Because children have abounding vitality, because they are in spirit fierce and free, therefore they want things repeated and unchanged. They always say, “Do it again”; and the grown-up person does it again until he is nearly dead. For grown-up people are not strong enough to exult in monotony. But perhaps God is strong enough to exult in monotony. It is possible that God says every morning, “Do it again” to the sun; and every evening, “Do it again” to the moon. It may not be automatic necessity that makes all daisies alike; it may be that God makes every daisy separately, but has never got tired of making them. It may be that He has the eternal appetite of infancy; for we have sinned and grown old, and our Father is younger than we.  

Joy of Daily Work

Meaningful Work

Repetition, work, and habits do not infringe on our ability to grow. On the contrary, finding joy in the simple matters of life and completing “monotonous” tasks regularly with joy instill true life in us. Days where I focus on my vocation as a husband and father with love are the days where my vocation does not turn into drudgery. The same is true when it comes to my daily work.

My dad displays this simplicity and adherence to his vocation as husband and father in an exceptional way. Rarely, did I hear him complain about his family duties. Weariness of parenting did not seen to wear on his face—at least from what I remember! In terms of spiritually living, my father is “younger” than myself in the sense that his obedience and joy in his vocation is anchored in the Pre-Existent God more deeply than my spiritual life is at currently!

I will leave you today with a few simple and profound quotes that I hope with awaken or sustain your spiritual life. I hope you discover the simple joy that children seem to naturally possess.


“What I know of the divine sciences and the Holy Scriptures, I have learned in woods and fields. I have no other masters than the beeches and the oaks.” —St. Bernard of Clairvaux

As St. Paul points out, Christ never meant that we were to remain children in intelligence: on the contrary, He told us to be not only ‘as harmless as doves,’ but also ‘as wise as serpents.’ He wants a child’s heart, but a grown-up’s head.” —C.S. Lewis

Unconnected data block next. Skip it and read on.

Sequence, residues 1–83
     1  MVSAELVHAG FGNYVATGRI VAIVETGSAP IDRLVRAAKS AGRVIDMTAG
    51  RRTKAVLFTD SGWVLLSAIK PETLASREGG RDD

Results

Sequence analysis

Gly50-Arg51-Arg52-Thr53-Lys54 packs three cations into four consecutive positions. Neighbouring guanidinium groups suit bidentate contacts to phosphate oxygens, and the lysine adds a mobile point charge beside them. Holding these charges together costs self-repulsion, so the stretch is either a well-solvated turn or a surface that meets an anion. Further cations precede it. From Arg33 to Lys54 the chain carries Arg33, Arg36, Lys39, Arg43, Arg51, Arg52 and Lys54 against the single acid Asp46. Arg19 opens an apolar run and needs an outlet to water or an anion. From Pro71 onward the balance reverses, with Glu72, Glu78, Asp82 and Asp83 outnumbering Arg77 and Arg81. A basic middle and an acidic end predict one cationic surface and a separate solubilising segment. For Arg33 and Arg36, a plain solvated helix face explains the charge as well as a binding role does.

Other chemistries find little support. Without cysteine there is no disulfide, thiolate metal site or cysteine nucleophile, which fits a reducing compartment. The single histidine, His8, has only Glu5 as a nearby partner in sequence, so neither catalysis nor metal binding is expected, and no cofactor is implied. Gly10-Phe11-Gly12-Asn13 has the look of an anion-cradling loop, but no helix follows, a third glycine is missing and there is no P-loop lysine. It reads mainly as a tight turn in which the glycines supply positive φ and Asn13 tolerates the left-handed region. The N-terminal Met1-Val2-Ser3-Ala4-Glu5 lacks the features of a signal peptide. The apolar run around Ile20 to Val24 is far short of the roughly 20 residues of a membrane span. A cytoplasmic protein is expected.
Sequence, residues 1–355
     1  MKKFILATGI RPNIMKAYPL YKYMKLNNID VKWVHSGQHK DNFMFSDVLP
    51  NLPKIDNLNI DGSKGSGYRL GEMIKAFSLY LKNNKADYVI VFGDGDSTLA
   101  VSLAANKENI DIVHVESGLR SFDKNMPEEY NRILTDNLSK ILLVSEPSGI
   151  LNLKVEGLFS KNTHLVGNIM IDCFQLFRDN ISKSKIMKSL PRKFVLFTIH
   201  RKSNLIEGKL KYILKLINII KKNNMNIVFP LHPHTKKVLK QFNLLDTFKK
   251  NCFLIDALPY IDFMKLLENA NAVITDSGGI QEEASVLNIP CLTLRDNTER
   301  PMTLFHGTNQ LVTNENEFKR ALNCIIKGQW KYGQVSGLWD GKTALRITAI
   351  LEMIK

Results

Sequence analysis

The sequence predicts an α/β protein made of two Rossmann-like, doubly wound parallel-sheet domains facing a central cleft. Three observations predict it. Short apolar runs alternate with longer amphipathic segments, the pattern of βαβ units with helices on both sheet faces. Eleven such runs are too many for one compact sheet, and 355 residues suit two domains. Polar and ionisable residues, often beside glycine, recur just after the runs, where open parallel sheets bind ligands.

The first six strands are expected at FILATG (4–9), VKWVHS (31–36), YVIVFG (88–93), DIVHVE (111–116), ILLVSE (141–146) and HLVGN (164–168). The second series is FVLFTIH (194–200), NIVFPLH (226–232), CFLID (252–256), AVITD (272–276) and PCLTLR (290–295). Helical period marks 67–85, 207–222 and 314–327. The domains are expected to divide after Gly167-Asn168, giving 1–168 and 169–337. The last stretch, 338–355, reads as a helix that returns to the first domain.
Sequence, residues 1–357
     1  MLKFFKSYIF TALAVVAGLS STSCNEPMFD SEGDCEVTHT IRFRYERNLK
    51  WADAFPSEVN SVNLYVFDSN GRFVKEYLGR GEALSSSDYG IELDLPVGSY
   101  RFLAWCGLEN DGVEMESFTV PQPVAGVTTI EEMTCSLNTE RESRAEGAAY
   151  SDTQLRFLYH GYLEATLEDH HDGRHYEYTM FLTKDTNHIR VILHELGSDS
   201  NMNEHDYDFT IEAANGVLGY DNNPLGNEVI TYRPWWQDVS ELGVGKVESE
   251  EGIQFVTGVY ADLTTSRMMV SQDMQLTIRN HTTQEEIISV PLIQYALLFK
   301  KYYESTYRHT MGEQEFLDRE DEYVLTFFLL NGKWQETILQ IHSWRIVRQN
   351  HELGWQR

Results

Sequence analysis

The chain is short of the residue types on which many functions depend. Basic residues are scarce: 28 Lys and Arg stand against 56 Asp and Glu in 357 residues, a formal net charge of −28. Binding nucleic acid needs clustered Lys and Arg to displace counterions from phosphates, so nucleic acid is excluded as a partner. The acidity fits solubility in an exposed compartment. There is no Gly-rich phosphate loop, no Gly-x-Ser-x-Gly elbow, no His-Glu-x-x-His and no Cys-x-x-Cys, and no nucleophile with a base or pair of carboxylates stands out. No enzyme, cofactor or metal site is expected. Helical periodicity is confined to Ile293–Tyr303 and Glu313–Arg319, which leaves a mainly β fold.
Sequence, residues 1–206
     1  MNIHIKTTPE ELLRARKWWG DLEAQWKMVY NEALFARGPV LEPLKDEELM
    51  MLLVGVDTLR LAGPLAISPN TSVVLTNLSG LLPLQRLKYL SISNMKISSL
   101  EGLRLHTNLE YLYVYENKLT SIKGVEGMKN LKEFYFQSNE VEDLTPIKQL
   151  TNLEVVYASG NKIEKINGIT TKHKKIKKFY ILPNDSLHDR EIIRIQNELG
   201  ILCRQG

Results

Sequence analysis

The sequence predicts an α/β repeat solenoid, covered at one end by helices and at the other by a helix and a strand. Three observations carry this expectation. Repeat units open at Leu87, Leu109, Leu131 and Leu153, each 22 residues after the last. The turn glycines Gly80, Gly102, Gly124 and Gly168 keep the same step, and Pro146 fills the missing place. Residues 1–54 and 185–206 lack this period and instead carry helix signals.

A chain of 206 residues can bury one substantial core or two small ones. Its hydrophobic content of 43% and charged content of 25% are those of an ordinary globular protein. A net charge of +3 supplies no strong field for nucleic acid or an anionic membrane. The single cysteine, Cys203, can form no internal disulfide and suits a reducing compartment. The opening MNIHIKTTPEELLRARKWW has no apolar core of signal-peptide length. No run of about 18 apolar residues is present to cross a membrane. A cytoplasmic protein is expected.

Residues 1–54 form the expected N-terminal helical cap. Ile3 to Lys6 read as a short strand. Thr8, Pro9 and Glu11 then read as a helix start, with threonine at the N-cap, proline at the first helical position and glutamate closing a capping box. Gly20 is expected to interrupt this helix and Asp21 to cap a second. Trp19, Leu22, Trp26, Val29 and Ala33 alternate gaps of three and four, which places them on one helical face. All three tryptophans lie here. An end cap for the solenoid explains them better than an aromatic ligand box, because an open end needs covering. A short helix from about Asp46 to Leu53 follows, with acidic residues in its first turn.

“Focus on the journey, not the destination. Joy is found not in finishing an activity but in doing it.” —Greg Anderson, American author

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3 Ways to Embrace Our Tookish Side

“Then something Tookish woke up inside him, and he wished to go and see the great mountains, and hear the pine-trees and the waterfalls, and explore the caves, and wear a sword instead of a walking-stick.”

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This quote comes from the opening pages of J.R.R. Tolkien’s The Hobbit. Readers unfamiliar with the background of this novel may need some context to see the relevance of this passage to today’s topic. Basically, the protagonist of The Hobbit is Bilbo Baggins—a hobbit who at the beginning of the story lives a quiet life free from any big adventure or risk-taking. His tranquil existence is seemingly upset upon the arrival of the wizard Gandalf and a troupe of adventuring dwarves. The wizard succeeds in convincing Bilbo to join the dwarven expedition to reclaim treasure stolen by a dragon. Bilbo’s role is to serve as the burglar—someone quick and nimble—to steal the gold from Smaug the Dragon. I always found Bilbo’s inner struggle whether to embrace his Baggins [low-risk, simple] side or his Tookish [adventurous] family lineage.

Human Hodgepodge?

Frequently, I find myself a chimera—a hybrid—composed of my rational and scientific mentality juxtaposed against my life of faith. According to John Paul II, “Faith and reason are like two wings on which the human spirit rises to the contemplation of truth; and God has placed in the human heart a desire to know the truth—in a word, to know himself—so that, by knowing and loving God, men and women may also come to the fullness of truth about themselves” (Fides Et Ratio).